By Dr. Fred Mednick, Johns Hopkins School of Education Visiting Fellow
When they entered the room at Johns Hopkins’ Great Hall at the School of Education, forty-four 7th grade students from East Baltimore Community School (many of whom had never been to the campus), along with their teachers and parent volunteers, did not quite know what to expect. The students had been studying bullying and the issues facing teachers during the Chicago teachers’ strike. They had heard about World Teachers Day and had been briefed about how they would meet teachers from different countries, tell them what they had learned, and ask questions.
But still, it didn’t really sink in or make sense until Li-Hong waved to them from 6,700 miles and 12 time-zones away—in China. The students waved back, somewhat amazed, and the conversation began.
Li-Hong played a video from a school rebuilt after the devastating 2008 earthquake in Sichuan. In the video, children from Chengdu said hello, in unison, to the students in Baltimore and shook hand-painted signs that read, “We Stand Up for Teachers!” — the theme for this year’s World Teachers Day, held every October 5th since 1994.
When an East Baltimore Community School student then told Li-Hong what they were studying and Li-Hong responded, the students were hooked. She displayed a picture of The Great Wall and talked about how China protected itself from the outside world by creating barriers, judging others without evidence, and suffering as a result. She raised an interesting issue and she respected the students’ intelligence. Real learning was taking place — global learning, in fact — with teachers from around the world. And it was live. The students understood: learning matters.
And so it went. Following Li-Hong, Solmaz Mohadjer, 9 time-zones away, told a story about how her apartment shook that very morning from an earthquake. She spoke from Dushanbe, Tajikistan, where over 2,000 earthquakes rock this Central Asian country, 75% of which is made up of mountains. When a student answered her question about how tectonic plates cause earthquakes, borders began to disappear. Here was a world-class geologist, working in one of the most earthquake-prone regions of the world, instructing students in a subject they had only studied briefly. But there was something more at stake here. Good science can save lives, she stressed, and ended with the story of a girl who, because of her knowledge of tsunamis, recognized the impending disaster about to take place on the Indonesian beach her family was visiting. Having convinced everyone to evacuate the beach, she saved lives. Science matters.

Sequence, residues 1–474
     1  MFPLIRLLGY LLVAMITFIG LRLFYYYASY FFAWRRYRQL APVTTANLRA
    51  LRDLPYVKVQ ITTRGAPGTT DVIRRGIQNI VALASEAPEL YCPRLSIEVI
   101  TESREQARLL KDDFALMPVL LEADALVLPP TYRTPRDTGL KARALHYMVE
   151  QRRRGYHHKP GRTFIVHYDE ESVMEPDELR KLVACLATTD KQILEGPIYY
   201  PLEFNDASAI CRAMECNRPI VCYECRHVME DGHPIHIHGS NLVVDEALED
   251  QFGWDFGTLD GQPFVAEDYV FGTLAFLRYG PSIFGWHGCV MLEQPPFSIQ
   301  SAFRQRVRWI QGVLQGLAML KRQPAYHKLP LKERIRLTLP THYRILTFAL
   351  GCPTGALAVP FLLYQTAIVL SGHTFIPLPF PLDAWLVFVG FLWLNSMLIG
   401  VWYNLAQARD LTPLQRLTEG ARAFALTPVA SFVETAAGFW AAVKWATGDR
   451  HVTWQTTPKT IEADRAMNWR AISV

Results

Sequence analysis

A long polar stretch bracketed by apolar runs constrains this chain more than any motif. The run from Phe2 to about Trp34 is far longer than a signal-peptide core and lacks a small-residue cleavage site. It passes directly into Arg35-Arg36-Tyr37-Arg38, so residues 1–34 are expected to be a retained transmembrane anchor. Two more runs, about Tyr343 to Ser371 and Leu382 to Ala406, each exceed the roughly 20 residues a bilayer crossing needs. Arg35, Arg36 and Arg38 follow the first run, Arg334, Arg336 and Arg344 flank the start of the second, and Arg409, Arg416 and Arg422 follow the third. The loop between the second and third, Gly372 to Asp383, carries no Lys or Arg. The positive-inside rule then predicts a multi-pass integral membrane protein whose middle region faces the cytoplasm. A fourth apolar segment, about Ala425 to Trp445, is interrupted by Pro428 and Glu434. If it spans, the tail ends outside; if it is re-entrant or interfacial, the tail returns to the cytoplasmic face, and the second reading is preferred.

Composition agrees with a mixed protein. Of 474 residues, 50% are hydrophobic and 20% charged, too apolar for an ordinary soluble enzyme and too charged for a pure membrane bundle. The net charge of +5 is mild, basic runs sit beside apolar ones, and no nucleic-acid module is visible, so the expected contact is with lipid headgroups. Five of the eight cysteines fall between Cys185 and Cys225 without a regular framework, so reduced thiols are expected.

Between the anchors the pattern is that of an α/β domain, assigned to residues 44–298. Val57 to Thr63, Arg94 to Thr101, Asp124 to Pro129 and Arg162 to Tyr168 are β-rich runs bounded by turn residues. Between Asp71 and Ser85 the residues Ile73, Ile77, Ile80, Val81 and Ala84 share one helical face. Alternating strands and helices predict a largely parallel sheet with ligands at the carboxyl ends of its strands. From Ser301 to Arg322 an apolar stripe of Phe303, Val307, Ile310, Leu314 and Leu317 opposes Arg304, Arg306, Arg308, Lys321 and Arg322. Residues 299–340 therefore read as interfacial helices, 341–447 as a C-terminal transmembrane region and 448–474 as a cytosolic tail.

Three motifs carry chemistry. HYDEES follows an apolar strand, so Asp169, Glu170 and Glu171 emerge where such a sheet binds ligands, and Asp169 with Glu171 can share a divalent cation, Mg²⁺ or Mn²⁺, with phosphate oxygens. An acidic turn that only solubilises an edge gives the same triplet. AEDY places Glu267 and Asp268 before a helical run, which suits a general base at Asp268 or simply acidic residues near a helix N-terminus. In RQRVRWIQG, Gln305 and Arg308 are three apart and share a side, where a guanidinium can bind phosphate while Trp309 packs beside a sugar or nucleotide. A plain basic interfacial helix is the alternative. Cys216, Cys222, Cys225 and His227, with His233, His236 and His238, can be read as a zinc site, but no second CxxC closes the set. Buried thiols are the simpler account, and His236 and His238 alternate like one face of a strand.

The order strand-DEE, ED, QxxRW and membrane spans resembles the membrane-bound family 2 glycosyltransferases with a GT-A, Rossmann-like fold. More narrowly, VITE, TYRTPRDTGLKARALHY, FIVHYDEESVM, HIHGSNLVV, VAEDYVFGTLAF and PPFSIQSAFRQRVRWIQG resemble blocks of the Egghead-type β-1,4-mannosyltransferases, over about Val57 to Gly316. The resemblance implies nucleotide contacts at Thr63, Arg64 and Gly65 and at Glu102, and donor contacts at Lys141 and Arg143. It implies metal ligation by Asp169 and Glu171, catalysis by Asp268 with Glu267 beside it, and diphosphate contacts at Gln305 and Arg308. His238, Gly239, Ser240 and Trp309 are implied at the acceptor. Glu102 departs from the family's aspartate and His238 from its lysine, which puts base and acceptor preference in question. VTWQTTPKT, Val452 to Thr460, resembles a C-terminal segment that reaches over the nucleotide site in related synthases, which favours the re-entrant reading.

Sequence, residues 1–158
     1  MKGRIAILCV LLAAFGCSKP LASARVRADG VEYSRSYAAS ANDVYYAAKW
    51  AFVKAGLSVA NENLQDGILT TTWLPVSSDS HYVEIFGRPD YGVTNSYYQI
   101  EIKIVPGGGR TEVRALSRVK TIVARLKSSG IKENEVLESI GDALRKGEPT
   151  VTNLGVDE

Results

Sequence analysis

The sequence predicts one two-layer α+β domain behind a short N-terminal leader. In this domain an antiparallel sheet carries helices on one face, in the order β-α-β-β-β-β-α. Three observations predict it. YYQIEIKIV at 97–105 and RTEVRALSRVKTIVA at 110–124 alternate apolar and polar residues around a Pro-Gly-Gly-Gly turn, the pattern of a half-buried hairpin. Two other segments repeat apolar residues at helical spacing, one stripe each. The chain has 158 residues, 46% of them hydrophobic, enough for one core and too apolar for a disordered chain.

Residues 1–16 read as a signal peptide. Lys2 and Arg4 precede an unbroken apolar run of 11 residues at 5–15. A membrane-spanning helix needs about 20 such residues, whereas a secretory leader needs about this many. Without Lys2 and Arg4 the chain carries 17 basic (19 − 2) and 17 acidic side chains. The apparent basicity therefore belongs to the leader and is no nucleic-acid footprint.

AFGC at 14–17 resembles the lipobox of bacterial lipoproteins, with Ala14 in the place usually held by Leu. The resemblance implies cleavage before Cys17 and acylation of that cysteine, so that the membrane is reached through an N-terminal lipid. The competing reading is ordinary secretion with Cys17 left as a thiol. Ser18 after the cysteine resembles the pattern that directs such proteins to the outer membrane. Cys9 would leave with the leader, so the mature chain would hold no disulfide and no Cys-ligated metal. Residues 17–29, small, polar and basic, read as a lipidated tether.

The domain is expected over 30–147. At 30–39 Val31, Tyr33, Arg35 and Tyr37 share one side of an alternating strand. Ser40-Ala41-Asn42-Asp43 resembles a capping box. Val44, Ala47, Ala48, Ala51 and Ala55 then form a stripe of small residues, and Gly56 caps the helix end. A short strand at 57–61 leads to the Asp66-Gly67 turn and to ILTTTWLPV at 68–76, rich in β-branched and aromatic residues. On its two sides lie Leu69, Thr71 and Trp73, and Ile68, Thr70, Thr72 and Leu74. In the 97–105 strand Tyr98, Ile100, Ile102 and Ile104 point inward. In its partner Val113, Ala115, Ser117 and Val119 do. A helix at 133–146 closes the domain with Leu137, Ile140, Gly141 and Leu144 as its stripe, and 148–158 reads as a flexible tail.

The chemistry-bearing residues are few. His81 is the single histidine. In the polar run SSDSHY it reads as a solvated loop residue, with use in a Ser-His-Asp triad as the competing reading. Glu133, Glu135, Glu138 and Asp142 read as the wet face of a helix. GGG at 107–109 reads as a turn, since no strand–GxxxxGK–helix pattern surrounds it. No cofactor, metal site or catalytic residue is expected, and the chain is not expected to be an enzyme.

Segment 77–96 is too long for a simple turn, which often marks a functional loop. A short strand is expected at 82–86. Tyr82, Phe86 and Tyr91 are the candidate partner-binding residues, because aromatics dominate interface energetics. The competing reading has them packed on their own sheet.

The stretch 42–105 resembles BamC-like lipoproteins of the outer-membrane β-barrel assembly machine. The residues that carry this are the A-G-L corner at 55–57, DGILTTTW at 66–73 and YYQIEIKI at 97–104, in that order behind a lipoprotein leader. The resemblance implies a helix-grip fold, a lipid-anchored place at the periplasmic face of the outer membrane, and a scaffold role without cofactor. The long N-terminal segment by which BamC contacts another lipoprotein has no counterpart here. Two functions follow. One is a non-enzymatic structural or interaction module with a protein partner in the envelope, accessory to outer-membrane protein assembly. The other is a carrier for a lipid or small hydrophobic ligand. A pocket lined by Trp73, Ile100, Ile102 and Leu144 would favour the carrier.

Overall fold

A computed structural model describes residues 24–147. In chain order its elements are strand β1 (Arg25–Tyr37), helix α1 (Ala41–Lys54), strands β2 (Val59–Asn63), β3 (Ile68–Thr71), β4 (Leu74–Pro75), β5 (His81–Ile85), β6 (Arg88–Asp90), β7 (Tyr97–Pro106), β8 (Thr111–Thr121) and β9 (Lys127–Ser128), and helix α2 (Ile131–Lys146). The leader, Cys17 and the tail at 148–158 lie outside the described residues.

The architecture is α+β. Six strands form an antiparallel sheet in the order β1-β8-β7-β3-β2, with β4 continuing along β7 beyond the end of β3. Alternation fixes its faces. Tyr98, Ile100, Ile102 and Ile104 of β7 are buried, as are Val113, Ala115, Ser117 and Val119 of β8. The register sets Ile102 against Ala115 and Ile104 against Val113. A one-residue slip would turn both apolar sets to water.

Solmaz was followed by Sameena Nazir, who waved to the students from her village located near Islamabad, Pakistan, also 9 time-zones away. She spoke of how her village celebrated World Teachers Day that very morning. She described the challenges she faces every day, most notably those inequalities in the Pakistani education system that do not support the ability for many girls to go to school. Not so in her village, she explained, where her organization, The Potohar Organization for Development Advocacy (PODA) was a working example of quality education, distributed equally. The message was clear: things may feel overwhelming, but one can make a difference. Bullying, too, may feel overwhelming, but they could make things better. Ideas were beginning to connect and the students were connecting to ideas. Thinking matters.
The conversation came back full circle and closer to home – only 2,900 miles away in Saltillo, Mexico – where Deya Castilleja played an adorable video of her students, like those in Chengdu, raising their own hand-painted signs that, like those of the Chinese students, read: “We Stand Up for Teachers!” EBCS students learned about Ms. Castilleja’s passion for teaching peace education, negotiating conflicts, and preventing bullying in classrooms — themes the EBCS students have been feeling more and more empowered to address, thanks to their principal, teachers, and colleagues at Hopkins.
Were there technical difficulties managing five regions of the world with inconsistent bandwidth? Certainly. Was it a challenge, from time to time, to understand everything the speakers were saying? Definitely. Somehow, though, no one minded. And while there was not enough time to answer the flurry of students’ questions, imaginations were sparked. Besides, a curious mind, hungry for more, is a very, very good problem to have.
The students ate their boxed lunches, talked amongst themselves, and helped the coordinators power-up donated Flip cameras to be used for collaborative projects in the future. As they filed out for a tour of the Johns Hopkins campus, they took something else with them. After all, it’s not every day that a local school, an international teachers’ organization, a School of Education, and teachers from four countries, in time-zones thousands of miles away, could find common ground.
Johns Hopkins University School of Education and East Baltimore Community School stood up for teachers — by standing up for learning itself. They did so not so much by arranging for, or enjoying, the novelty of a visit to a world-class university and an international video-conference. They made it possible for students in Baltimore to learn not just about a world foreign to them, but from and with global friends. They made it possible for timezones and borders to evaporate. And this was only the beginning.
For the students at EBCS, a vison of education got a little broader, the university became much more accessible, the world grew smaller, and they stood a lot taller. And by sharing local and global issues, education became that much more important.
That’s a message that can last a lifetime.